One of the best things about Mr Gay Europe, is that I get to meet a lot of interesting people. Sure, there are some people who think I do this only to meet young, handsome guys; of course that is not the worst part of the job. But believe me, that is not why I do this as there are a lot of handy apps to cover that area.

Today I want to tell you about a very special group of young men that I have met through Mr Gay Europe, and that has changed the way I think about and understand things in life; I want to tell you about our trans men of MGE.

The first one I met was Shaun Meehan; a sweet, kind and vibrant Irish lad. He was the first trans person to take part in Mr Gay Ireland in 2012, and his honest, sincere and down-to-earth way of being made it easy to get to know him. Even if I had the pleasure to talk with Shaun only for a brief MGI weekend, there was something about him that stayed with me, and forced me to really examine my views and feelings regarding trans people.

It is not easy to really understand what it is all about when you are not a trans person yourself. I myself was born as a boy, and even if I had my turns with my body through puberty, and even today I look into the mirror after a shower and admit that I should have taken a trip to the gym, I am happy being born in a man’s body and I can’t even imagine how it would be to be a woman trapped in a man’s body or the other way around.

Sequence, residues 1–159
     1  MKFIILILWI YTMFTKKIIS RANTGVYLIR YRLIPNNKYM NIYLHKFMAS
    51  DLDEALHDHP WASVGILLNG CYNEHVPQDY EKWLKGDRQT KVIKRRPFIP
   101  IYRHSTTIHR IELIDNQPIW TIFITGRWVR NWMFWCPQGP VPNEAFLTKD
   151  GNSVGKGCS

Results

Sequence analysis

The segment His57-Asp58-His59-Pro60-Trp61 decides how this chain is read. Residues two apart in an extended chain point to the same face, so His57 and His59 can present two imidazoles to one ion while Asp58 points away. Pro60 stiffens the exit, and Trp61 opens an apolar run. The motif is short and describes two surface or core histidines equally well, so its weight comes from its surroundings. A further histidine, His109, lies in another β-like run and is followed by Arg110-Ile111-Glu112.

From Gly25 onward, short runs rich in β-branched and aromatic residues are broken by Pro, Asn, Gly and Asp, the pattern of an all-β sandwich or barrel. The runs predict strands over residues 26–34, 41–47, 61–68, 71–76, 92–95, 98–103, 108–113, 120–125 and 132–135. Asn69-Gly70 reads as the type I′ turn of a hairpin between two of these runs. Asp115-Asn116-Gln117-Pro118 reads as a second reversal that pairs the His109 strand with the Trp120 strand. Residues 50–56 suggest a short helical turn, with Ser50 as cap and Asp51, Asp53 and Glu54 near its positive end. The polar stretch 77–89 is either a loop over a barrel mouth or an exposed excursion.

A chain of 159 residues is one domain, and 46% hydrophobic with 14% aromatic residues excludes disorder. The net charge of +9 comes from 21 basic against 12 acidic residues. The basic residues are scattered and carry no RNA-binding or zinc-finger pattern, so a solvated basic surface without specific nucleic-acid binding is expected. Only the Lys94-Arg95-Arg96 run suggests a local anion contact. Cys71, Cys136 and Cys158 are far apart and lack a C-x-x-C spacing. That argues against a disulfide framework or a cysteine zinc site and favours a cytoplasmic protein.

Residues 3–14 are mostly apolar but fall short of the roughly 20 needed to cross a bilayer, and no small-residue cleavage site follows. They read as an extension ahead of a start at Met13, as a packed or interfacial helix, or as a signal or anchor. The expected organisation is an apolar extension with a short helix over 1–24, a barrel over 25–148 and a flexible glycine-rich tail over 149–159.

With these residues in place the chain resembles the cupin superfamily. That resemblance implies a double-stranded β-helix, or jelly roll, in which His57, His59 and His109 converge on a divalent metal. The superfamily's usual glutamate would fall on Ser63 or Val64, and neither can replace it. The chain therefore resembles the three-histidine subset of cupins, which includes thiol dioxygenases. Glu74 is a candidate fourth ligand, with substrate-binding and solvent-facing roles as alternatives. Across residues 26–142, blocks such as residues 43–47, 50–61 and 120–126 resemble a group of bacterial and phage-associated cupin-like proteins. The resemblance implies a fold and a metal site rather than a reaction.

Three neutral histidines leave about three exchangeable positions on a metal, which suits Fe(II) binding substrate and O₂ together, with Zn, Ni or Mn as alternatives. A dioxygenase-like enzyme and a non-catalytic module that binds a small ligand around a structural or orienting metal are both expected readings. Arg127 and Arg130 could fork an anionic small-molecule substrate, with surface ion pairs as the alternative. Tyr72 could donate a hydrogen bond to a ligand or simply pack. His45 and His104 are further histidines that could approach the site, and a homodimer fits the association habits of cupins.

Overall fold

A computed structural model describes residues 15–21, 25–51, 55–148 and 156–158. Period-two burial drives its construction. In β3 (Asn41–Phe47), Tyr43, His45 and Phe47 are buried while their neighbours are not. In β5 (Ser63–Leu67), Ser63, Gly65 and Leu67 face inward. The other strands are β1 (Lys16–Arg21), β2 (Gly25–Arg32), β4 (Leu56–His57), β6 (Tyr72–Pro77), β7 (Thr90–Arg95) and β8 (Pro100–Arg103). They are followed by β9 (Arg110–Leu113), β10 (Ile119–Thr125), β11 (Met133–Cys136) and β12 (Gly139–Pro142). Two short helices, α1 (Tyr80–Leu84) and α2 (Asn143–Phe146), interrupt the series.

Talking to Shaun, knowing he was born in a girl’s body, I still was never ever in doubt that I was talking with a young man. Again, this is something I don’t fully understand and really can’t explain, but it was something about the energy and chemistry. Being a gay man I just registered that the person in front of me was a very cute twink.

Sadly Shaun decided to walk out of time, he made his choice and left the rest of us, the ones he met and touched the heart and souls of, and his friends in Ireland behind. Shaun experienced that the people that were supposed to love him the most, did not accept him for what he was, and were actually working against him being able to realize himself, and in many ways that was the reason why he was pushed over the edge and chose not to go on.

One of Shaun’s friends was Ben Power. I remember especially one thing Ben told me; he felt happy when someone called him a ‘fat old man’. Ben was on the chubby side, and the shape of his body made people fall into the cliché trap; a chubby, jolly person with short hair and saggy trousers is of course a man – I don’t know about the ‘fat’ part of the description, but Ben was super happy to be classified as a man.

Ben did not come from the easiest of backgrounds either, and for a while it seemed to me that most trans people had a difficult background and past, mostly due to the fact that friends, family and society in general were not able to deal with the fact that the person in front of them felt they were born in the wrong body.

Ben gave me the courtesy of his patience. He allowed me to ask all the questions that I had, and when my imagination was not rich enough to ask the right questions he enlightened me with facts and everyday anecdotes from his and other trans’ lives and development.

Then I met Niels, this year’s Mr Gay Denmark. Again, not for one second did I doubt that the person in front of me was a man. I did not know much about his past – and I still do not know – but for me Niels was just Niels, the delegate from Denmark.